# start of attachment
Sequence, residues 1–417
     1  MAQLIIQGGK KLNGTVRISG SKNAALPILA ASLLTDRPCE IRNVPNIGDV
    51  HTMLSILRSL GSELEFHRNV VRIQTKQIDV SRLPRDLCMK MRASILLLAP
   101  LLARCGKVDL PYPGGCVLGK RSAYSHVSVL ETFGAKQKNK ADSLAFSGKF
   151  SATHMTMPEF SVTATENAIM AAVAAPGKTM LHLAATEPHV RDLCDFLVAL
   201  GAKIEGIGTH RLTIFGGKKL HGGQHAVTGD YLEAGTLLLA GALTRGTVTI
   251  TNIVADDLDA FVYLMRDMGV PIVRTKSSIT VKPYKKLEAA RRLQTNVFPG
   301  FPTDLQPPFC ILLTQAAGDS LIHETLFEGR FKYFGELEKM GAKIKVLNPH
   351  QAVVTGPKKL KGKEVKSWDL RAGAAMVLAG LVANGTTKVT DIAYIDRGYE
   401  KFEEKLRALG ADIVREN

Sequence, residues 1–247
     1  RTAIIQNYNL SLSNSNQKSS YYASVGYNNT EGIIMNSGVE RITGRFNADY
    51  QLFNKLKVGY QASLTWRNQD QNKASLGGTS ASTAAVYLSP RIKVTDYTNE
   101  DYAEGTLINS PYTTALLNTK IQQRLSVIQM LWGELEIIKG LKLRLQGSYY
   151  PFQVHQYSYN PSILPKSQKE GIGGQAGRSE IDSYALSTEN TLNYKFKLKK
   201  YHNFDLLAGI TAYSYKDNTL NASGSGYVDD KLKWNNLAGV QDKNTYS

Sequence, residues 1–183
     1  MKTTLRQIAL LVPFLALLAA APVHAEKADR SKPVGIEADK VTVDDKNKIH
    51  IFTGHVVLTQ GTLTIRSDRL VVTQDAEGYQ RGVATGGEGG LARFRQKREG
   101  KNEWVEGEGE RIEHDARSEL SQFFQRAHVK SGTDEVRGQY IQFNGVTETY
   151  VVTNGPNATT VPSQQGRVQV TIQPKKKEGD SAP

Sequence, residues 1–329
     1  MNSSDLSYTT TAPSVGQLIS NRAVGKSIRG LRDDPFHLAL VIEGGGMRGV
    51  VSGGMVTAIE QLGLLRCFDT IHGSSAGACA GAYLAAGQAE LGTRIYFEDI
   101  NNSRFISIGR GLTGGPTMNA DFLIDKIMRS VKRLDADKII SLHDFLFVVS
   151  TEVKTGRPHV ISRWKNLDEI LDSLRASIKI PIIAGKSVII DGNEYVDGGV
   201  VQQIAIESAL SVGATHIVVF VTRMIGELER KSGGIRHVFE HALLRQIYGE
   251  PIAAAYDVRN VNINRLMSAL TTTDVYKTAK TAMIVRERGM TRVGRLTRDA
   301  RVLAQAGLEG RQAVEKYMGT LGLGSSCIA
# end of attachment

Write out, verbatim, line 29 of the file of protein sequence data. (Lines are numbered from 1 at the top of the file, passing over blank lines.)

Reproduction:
   301  RVLAQAGLEG RQAVEKYMGT LGLGSSCIA